“Online classes are the best option we have in my opinion, but I don’t think that you get the same discussion with classmates, or the one-on-one time with a professor,” Horsley said. “Going to a school with a small population so I can get that one-on-one with professors and then having that stripped is tough.”

While all classes must make the online transition, not all classes are conducted the same. Some classes, specifically those in the arts, are proving harder to recreate in a virtual setting due to the hands on participatory experience. 

“A lot of the challenges are things to come in the future,” Heitman said. “I haven’t had my Zoom voice lesson yet, and we have to record ourselves singing and playing piano for different exams and that’s probably the biggest stress I have.”

While Zoom may work for some arts classes, other classes have been almost entirely impossible to replicate in an online format. Yzabel Tio, a junior music education major, has dealt with this firsthand.

“For my saxophone methods class, we can no longer play as a group — we tried that and the lagging and glitching created pure cacophony,” Tio said. “My ensemble classes are not meeting right now because there’s no way to have virtual class. I’m used to playing or hearing music for multiple hours in the day but now, I barely interact with live music.”

After four days of online classes, things are still developing and changing, and kinks are still being worked out. Ryan Heumann, a junior mathematics and chemistry double major, has been working to download specific software for a class.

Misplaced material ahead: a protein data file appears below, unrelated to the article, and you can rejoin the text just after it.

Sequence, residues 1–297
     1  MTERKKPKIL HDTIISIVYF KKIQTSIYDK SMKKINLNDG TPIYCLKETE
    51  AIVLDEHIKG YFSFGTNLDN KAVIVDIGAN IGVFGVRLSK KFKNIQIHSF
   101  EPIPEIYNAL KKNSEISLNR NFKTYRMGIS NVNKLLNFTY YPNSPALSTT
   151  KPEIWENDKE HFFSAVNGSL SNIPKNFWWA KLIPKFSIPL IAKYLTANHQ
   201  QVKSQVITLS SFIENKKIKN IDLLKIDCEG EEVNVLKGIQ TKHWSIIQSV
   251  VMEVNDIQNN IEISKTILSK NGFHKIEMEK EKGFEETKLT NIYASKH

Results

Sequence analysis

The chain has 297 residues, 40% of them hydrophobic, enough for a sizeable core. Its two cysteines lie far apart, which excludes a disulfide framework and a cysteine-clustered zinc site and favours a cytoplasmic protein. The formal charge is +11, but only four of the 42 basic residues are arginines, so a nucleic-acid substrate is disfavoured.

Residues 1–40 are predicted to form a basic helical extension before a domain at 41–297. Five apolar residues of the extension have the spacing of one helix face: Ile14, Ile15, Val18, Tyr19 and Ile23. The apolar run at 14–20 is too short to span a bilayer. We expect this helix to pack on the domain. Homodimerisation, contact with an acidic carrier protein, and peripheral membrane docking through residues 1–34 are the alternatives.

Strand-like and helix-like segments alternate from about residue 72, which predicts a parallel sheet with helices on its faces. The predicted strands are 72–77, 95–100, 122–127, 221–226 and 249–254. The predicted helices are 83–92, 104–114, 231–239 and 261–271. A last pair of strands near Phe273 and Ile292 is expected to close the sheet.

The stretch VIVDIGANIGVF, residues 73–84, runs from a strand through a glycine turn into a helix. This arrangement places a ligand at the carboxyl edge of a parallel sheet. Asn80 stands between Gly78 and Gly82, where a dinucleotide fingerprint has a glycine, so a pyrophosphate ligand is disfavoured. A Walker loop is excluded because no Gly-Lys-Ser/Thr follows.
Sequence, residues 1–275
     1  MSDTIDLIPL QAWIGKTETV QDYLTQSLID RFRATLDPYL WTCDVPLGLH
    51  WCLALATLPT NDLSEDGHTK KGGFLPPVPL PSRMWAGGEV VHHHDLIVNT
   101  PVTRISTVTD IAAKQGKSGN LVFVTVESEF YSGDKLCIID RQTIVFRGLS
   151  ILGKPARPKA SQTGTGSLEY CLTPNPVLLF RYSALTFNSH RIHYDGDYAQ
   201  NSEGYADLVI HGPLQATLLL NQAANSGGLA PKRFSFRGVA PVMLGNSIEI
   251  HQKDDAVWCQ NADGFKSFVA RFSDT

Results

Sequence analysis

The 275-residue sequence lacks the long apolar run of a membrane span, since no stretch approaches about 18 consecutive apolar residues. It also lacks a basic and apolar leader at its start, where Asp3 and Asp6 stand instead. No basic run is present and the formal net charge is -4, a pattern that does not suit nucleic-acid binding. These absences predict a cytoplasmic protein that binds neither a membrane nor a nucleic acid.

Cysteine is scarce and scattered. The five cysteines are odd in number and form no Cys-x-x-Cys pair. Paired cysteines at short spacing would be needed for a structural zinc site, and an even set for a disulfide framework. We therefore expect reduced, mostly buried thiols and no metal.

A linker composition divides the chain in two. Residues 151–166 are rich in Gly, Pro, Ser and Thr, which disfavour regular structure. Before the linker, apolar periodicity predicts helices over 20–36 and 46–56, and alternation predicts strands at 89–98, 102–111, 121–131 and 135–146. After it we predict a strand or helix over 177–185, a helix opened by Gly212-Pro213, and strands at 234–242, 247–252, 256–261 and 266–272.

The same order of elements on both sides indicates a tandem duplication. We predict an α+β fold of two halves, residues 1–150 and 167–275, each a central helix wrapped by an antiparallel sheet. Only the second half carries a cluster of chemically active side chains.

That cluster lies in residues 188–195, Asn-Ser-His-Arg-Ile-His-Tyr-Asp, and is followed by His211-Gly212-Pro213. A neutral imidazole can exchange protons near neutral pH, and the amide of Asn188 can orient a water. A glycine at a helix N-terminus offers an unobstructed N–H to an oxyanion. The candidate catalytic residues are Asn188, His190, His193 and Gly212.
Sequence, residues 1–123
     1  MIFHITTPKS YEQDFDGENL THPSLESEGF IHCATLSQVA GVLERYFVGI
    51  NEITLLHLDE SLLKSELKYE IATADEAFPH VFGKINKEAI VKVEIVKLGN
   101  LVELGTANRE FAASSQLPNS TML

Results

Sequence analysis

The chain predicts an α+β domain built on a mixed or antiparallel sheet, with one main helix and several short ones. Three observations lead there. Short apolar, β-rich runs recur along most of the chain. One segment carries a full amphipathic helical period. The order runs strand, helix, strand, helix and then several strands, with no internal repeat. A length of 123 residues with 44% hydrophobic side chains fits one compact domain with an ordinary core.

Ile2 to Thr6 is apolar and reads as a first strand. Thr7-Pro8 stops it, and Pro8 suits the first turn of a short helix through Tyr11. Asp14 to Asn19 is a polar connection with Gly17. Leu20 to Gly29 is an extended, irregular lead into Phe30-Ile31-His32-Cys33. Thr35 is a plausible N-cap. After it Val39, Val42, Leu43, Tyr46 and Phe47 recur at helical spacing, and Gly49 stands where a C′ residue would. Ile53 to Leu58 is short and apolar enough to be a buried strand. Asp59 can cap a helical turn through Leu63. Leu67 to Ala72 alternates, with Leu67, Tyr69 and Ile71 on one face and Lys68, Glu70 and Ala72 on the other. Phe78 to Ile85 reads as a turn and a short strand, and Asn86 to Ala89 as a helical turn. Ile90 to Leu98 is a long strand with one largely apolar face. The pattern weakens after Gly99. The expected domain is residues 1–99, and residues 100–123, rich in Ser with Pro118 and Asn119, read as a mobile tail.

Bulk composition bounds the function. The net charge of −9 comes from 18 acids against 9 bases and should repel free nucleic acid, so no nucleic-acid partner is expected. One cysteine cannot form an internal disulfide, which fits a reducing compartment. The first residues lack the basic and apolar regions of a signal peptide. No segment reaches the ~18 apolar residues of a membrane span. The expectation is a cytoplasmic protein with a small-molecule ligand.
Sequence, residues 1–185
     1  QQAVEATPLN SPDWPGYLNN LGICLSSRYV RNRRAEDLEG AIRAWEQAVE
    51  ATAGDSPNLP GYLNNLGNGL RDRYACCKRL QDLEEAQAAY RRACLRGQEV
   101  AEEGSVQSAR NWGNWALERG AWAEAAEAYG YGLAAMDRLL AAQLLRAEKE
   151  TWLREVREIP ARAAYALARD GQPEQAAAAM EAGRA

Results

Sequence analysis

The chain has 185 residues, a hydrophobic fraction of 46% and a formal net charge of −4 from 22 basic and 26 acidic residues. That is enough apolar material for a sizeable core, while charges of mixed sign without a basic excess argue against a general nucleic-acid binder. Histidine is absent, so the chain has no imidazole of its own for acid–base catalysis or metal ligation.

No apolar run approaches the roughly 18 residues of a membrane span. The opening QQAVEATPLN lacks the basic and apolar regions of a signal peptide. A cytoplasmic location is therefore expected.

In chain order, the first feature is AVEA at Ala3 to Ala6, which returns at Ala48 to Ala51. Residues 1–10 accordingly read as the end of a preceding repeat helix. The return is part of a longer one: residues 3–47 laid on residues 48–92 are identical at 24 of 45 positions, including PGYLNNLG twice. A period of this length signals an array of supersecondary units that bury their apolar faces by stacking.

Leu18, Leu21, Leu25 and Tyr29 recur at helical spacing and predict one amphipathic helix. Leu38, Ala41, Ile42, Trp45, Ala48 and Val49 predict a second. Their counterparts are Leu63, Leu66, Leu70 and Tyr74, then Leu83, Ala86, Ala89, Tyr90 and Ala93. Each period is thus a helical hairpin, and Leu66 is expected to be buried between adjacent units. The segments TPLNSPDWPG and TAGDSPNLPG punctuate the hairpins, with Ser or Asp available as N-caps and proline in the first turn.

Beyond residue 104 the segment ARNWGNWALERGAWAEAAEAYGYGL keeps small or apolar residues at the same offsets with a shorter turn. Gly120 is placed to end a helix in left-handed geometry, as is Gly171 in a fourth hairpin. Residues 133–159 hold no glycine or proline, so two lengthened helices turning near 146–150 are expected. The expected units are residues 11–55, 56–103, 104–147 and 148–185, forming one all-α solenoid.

“The biggest challenge I have right now is with a software I need for my biochemistry lab. There’s a way to download it, but I can’t figure out how to open it,” Heumann said. “The first two days of actual class have gone fairly well. The week leading up actually starting class was stressful, but now that I’m in a rhythm, it’s not too bad.”

Just like in-person classes, professors will structure and instruct their online classes as they see fit. 

“Other than that, it’s just about realizing that every professor is going to do their own thing and taking it class by class,” Heumann said. “I feel a lot better about the transition right now. I have a lot of free time with everything being canceled and as long as I allot the time, everything is doable.”

When students are at home with their families and away from class, it can be hard to feel motivated to keep up with the rigor that is being transferred from classroom to online learning. Madeline Richey, a sophomore communications sciences and disorders major, said she is feeling unmotivated with classes online.

“I study a lot better while at school and in person so I’m going to have to find some self-discipline I didn’t know I needed for this time,” Richey said. “I’m trying to stay positive because I know this will end, but I know it’s not been fun for anyone.”

Morris said a professor emailed her on the first day of online classes, saying they did it and they could see how this was all going to work.

Morris said it was a “lovely email to receive,” adding that emails like that and others are encouraging.

“What I have heard from students is people are kind of rallying and recognizing that this isn’t what any of us wanted or asked for,” Morris said. “But the first couple of days went more well than not well.”

It will take work and patience, on behalf of both students and faculty, to achieve success in the online learning environment.

“These first two days of online classes have definitely been a significant change from the face to face meetings I’m used to, but professors are working diligently to make this transition as easy as possible for everyone,” Bechtold said.